MOL to Remain Profitable at Operating Level 2011-CEO

BUDAPEST (Dow Jones Newswires), Feb. 15, 2011

Hungarian oil and gas firm MOL expects to remain profitable at the operating level, Chief Executive Gyorgy Mosonyi said Tuesday at a press conference after the company's fourth quarter earnings, but didn't provide detailed expectations.

The company posted net profit of 32.97 billion forints ($163.7 million), excluding losses at its Croatian subsidiary INA, in the last quarter of 2010.

"I hope this year's results won't disillusion investors, we're naturally not planning to generate losses," Mosonyi said.

Mosonyi forecast average hydrocarbon production in 2011 between 150,000-155,000 barrels per day, up from 143,520 barrels per day in 2010.

The company sees the contribution of international business to its earnings before interest, taxes, depreciation and amortization, or Ebitda, increasing to 60% from the current 50%, Mosonyi said.

"We see our upstream segment in Croatia, Syria, Pakistan and Kurdistan (Iraq) as the company's future," Mosonyi said, adding the most profitable segment of MOL is already the exploration and production segment.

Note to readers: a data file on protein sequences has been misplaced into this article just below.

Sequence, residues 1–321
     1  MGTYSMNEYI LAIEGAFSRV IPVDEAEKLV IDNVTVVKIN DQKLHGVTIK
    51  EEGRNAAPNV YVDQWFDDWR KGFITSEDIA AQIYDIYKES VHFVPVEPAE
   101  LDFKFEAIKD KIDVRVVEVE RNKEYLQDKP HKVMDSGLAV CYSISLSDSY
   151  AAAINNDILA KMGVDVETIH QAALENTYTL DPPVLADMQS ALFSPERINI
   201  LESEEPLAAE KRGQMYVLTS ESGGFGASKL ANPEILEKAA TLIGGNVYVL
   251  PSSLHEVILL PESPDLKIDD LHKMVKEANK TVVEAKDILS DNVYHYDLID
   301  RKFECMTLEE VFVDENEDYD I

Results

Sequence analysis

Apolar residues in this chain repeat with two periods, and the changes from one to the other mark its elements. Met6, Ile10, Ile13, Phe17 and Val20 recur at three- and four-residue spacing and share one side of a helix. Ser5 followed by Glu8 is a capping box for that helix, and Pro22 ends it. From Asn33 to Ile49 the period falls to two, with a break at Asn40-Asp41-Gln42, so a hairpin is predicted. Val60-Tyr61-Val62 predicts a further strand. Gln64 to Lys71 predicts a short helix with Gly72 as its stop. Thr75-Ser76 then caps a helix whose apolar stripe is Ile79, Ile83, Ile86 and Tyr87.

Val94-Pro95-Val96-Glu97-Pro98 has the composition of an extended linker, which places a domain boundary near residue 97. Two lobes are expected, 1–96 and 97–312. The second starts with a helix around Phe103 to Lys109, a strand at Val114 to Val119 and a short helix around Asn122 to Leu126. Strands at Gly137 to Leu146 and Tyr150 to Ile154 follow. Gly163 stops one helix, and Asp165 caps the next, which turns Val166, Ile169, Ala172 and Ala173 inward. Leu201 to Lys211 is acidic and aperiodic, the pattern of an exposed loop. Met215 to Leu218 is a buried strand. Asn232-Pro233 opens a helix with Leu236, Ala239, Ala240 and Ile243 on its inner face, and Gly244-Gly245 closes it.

MOL's Ebitda, excluding special items, in the fourth quarter last year was 149.4 billion forints ($744.5 million), up 46% on the previous year.

The firm calculates with a euro-forint rate of HUF280 for the coming year but decided not to engage in forecasting the rate but using an average of the past three months.

MOL calculates with a crude oil price of $82 for 2011, but Mosonyi added he expects prices to be higher than that, between $80-$100 this year. Crude prices followed a relatively continuous growth pattern in the last quarter of 2010 starting from $80 and reaching $100 by the year-end, the company said in its earnings report.

The firm forecasts the gasoline crack spread next year at around $120, and foresees the diesel crack spread between 90-$120.

Mosonyi envisages the Brent-Ural spread at $1.75 per barrel in 2011, which he regarded a "very optimistic" view. At some of its refineries, MOL uses Ural oil which costs more to process due to its higher sulfur content.

Despite the lower-than-expected net profit in the fourth quarter, analysts maintained their rating and target price on MOL shares saying the company was hit mainly by one-off items but has growth potential.

"We maintain our bullish view on the stock as MOL remains one of the few stocks to offer organic growth at good returns, increasing exposure to upstream margins and high quality assets that can weather storms in refining," KBC Securities analyst Olena Kyrylenko said.

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